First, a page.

FACT CHECK: No, This Is Not An Image Of India During Diwali As Seen From Space
An image shared on Twitter purportedly shows a view of India from space during Diwali.
NASA just shared this picture, Diwali in India as seen from Space!
Happy Diwali Guys🪔 pic.twitter.com/wWi1qvIHBk
— Gyanesh (@GyaneshShah) November 4, 2021
The image shows a compilation of urban lights in India over time from space. NASA refuted the claim that the lights are from Diwali.
Diwali is a Hindu, Jain and Sikh festival lasting five days and marked by shining lamps and lights, feasting and fireworks, according to the BBC. This year’s festivities were from Nov. 2 until Nov. 6, with the most prominent festivities happening on Nov. 4, the outlet reported. The Indian government recognizes Diwali’s third day as a public holiday.
The image in the Nov. 4 tweet shows what looks like an orbital view of India at night with lights of various colors spread out across the country. “NASA just shared this picture, Diwali in India as seen from Space! Happy Diwali Guys,” the tweet reads. (RELATED: Did NASA Spend More Than $165 Million To Develop Pens That Work In Space?)
While NASA did tweet on Nov. 4 a photo taken of India during 2012’s Diwali holiday, that picture is is black-and-white and not the same as the one being shared along with the claims about Diwali. The tweet included a link to a 2012 article on the subject, stating the black-and-white photo shows a satellite image of Southeast Asia that was artificially brightened to make urban lights more visible. The article noted that “any extra light produced during Diwali is so subtle that it is likely imperceptible when observed from space.”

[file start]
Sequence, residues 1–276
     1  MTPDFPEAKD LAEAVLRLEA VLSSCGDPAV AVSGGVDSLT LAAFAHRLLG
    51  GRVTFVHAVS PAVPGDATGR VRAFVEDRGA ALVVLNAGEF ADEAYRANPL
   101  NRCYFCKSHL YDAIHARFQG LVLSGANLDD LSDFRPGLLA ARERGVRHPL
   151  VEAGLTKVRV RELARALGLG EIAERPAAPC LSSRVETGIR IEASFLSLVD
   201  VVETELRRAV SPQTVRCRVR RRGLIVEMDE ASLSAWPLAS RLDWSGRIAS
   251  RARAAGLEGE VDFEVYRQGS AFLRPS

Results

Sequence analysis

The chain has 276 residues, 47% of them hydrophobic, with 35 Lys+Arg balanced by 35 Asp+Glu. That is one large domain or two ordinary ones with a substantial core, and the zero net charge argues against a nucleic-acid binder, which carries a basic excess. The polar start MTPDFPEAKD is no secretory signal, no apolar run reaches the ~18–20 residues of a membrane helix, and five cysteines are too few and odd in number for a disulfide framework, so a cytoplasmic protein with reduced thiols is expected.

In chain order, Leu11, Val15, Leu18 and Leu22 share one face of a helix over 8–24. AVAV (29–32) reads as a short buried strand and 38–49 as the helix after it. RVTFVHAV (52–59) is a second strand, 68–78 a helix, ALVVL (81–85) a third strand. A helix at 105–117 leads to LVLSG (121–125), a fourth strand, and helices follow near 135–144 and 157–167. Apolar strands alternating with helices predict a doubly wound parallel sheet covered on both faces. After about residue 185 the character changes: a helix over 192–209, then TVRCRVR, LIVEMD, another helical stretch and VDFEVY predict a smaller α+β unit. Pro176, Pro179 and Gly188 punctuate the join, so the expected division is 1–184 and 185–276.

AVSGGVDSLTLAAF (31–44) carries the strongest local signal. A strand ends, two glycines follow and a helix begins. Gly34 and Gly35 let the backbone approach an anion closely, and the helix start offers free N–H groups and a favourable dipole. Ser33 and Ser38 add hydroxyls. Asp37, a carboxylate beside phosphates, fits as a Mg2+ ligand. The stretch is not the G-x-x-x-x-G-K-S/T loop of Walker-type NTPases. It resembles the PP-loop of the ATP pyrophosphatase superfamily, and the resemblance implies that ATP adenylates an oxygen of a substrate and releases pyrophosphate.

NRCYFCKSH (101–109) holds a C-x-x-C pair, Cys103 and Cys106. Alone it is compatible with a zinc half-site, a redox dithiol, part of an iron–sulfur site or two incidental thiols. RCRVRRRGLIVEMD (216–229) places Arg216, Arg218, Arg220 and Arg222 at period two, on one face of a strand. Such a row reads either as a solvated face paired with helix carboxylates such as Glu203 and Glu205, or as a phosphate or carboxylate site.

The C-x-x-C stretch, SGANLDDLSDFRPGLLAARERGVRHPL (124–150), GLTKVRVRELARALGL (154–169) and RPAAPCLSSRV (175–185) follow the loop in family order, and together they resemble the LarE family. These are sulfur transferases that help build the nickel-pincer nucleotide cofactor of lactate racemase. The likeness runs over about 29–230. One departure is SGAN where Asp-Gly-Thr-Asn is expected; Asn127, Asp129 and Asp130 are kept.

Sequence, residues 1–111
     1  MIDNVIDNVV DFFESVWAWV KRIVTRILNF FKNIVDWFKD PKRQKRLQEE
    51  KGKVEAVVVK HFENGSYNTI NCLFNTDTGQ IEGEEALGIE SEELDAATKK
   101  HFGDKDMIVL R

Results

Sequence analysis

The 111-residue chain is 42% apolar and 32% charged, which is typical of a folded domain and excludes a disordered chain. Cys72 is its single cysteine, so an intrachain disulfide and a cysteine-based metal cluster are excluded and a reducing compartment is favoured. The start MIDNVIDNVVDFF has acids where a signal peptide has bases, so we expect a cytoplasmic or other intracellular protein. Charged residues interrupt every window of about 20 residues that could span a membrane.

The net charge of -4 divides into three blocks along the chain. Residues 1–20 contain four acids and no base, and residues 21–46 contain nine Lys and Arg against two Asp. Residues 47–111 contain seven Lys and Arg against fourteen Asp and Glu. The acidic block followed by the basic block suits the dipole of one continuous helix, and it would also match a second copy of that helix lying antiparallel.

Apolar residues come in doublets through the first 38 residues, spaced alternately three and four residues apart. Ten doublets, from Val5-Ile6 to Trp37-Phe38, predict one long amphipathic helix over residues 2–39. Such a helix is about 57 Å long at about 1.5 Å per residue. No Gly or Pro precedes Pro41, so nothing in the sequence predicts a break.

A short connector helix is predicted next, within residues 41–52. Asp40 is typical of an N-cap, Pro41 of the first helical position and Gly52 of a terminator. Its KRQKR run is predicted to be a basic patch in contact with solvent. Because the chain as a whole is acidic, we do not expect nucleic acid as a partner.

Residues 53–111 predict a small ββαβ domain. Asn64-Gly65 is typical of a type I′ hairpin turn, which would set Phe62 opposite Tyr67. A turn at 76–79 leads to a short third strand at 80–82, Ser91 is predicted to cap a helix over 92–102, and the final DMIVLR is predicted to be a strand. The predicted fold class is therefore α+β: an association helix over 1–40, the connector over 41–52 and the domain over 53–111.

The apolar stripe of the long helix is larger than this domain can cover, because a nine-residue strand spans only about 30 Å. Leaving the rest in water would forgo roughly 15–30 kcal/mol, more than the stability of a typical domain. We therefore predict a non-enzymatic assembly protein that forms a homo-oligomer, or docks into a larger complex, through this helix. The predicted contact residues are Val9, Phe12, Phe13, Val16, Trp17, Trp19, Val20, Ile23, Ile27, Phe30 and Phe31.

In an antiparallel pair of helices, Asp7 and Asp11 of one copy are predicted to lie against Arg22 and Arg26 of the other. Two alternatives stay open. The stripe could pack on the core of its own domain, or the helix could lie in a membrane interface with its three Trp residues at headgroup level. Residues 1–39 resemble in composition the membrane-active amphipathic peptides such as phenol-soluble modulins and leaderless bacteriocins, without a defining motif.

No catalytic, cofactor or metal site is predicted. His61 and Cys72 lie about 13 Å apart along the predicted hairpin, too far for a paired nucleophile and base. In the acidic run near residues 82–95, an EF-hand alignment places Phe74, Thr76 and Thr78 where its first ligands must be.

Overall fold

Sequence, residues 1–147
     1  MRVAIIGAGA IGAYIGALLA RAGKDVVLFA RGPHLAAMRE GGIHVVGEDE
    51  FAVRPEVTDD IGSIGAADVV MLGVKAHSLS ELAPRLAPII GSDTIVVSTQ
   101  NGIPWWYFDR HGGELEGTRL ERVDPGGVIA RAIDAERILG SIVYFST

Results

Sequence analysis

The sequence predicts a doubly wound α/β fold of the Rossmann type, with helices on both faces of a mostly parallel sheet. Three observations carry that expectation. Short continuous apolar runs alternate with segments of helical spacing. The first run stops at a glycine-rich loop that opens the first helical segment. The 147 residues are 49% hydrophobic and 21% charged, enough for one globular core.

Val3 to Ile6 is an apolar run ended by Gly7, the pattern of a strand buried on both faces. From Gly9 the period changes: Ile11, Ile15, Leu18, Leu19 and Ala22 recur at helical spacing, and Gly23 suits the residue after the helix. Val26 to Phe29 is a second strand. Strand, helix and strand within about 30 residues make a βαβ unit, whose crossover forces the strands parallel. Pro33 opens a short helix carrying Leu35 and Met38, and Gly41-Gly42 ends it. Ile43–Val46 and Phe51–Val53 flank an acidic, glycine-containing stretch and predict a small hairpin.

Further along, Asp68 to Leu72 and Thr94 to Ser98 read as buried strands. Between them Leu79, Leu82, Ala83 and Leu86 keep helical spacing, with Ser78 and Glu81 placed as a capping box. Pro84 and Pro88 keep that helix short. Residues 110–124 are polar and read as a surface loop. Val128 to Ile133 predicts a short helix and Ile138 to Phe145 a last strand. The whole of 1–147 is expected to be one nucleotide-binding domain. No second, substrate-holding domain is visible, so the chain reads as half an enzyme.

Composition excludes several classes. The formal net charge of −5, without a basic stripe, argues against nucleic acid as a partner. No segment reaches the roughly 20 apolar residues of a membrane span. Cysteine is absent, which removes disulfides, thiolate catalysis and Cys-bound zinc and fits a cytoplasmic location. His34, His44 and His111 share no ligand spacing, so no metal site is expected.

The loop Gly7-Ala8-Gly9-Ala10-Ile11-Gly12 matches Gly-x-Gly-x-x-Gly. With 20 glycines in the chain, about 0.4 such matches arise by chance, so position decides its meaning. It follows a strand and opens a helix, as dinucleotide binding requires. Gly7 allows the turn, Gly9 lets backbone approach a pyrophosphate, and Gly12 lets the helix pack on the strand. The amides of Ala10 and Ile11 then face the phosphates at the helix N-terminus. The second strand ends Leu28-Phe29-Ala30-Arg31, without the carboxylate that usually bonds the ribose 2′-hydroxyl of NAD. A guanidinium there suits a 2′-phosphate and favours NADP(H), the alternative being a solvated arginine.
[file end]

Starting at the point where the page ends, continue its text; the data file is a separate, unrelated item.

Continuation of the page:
This photo was taken by @NASA‘s Suomi NPP satellite on Diwali in 2012, capturing an infrared view of South Asia on the evening of the holiday.
— NASA History Office (@NASAhistory) November 4, 2021
The colorful image being connected to Diwali by Twitter users was actually produced by National Oceanic and Atmospheric Administration (NOAA) scientist Chris Elvidge in 2003 using data collected by U.S. Defense Meteorological Satellite Program satellites, according to the article shared by NASA. NASA explained that Elvidge added the different colors to “highlight population growth over time,” with the various colors corresponding to years when lights in certain areas could first be seen from space.
Check Your Fact searched press releases and social media posts shared by the Indian Space Research Organisation, but found no instance of the organization stating the multicolored image shows Diwali lights.